Why Did We Stop Teaching Political History?

29 Aug

Two historians offer some reflections here that are worth considering: Why Did We Stop Teaching Political History? – The New York Times

William Henry Jackson’s history-making photos

27 Aug

William Henry Jackson is a “big name” in the history of photography of the American West. He “colorized” some of his black-and-white photographs for cabinet cards, and the High Country News has made some of them available here in connection with an exhibit at the FAD Gallery, Mancos, CO: William Henry Jackson’s history-making photos — High Country News

History, Empathy, and Race in America

25 Aug

At the Anxious Bench, historian Kristin Du Mez (who did her undergraduate work down the road a short way from here) cogently discusses a case of how history fosters empathy, and why Christians in America need more of both.

Source: History, Empathy, and Race in America

Noted Native American genealogist donates collection

21 Aug

MACY, Neb. | Terre Haute, Indiana, native Paul Brill has a collection of Native American genealogical data fit to rival anybody’s, and he’s giving it all to the Nebraska Indian Community College: Noted Native American genealogist donates collection | People | siouxcityjournal.com

History is in vogue in the media even as college majors decline

18 Aug

In the midst of a traumatic and turmoil-filled year, people seem to be crying out for historical perspective, writes Jason Steinhauer. But can that help save the profession? Read his reflections here: History is in vogue in the media even as college majors decline (essay)

On Christian Intellectuals

16 Aug

As the fall semester nears, here’s a provocative essay in the September Harper’s Magazine by Alan Jacobs on Christian intellectuals:

But I have felt for my entire career the difficulties of deciding where to speak and how. About a decade into my professional life it suddenly dawned on me that, unlike the people I went to graduate school with and the professors I saw as my mentors and models, I was never going to have a single audience. It would be necessary for me at times to speak to the church; at other times to believers from other religious traditions; at other times to my fellow academics; and at yet other times to the American public at large. This meant that I would not be able to formulate a single writerly voice, a single mode of articulation, a single rhetoric that I could deploy in any and all situations. Rather I would have to strive to be, as the Apostle Paul said, all things to all people, however disorienting and puzzling that obligation might be.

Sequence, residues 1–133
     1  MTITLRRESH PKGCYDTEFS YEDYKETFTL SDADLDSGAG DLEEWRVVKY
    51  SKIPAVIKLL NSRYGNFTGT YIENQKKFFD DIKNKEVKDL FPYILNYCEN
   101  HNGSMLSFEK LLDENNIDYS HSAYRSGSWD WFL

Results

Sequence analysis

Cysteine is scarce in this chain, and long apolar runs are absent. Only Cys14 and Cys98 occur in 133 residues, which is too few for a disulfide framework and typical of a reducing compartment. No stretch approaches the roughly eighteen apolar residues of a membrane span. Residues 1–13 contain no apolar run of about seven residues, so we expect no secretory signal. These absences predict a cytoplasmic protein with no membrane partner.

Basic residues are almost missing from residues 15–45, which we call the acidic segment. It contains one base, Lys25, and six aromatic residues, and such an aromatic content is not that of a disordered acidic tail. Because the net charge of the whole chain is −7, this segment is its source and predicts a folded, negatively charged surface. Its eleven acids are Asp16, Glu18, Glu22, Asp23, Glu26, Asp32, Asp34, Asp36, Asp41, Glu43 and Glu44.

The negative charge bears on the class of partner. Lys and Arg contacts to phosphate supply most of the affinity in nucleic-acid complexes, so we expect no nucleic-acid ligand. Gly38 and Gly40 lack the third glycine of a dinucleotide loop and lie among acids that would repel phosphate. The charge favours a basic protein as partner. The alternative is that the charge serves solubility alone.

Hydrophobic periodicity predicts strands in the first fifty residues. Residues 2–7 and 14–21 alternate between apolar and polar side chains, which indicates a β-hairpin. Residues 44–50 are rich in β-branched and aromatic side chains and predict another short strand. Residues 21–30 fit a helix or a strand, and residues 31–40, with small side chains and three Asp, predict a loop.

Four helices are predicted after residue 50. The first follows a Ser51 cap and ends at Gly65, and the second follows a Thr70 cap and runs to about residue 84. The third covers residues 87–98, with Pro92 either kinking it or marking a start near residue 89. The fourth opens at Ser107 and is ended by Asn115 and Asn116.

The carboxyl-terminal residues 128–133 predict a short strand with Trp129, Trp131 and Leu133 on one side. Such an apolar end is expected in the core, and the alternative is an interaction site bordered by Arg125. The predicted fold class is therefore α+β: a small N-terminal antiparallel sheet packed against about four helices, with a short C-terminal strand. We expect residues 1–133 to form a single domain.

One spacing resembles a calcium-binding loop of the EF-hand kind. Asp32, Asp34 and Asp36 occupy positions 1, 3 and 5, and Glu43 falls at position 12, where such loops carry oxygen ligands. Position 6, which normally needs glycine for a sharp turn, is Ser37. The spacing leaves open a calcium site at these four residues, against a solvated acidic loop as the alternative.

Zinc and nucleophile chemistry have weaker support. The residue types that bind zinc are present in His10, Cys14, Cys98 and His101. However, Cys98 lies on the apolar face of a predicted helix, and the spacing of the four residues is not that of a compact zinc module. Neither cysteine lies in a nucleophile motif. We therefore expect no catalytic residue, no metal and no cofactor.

Source: The Watchmen, by Alan Jacobs | Harper’s Magazine

The ‘new’ Nixon library’s challenge: Fairly depicting a ‘failed presidency’

16 Aug

Christine Mai-Due of the Los Angeles Times provides a fascinating look at the redo of the Nixon Library: The ‘new’ Nixon library’s challenge: Fairly depicting a ‘failed presidency’ – LA Times

john pavlovitz

Stuff That Needs To Be Said

Reflections from the Hogan

"History is the record of our loves in all their magnificent and ignoble forms." Eugene McCarraher

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"History is the record of our loves in all their magnificent and ignoble forms." Eugene McCarraher

the way of improvement leads home

reflections at the intersection of American history, religion, politics, and academic life

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thepracticalhistorian

Your guide to practically true history.

Home on the Silicon Prairie

finding our place and space

THE TWELVE

Reformed. Done Daily.

i-history

by Alex Scarfe

Thoughtful Conversation about the American West

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"History is the record of our loves in all their magnificent and ignoble forms." Eugene McCarraher

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Thinking Christianly about the American Past

Then & Now

"History is the record of our loves in all their magnificent and ignoble forms." Eugene McCarraher

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Historic preservation, coffee, community + pink flamingos

Pacific Paratrooper

This WordPress.com site is Pacific War era information

Religion in the American West

"History is the record of our loves in all their magnificent and ignoble forms." Eugene McCarraher

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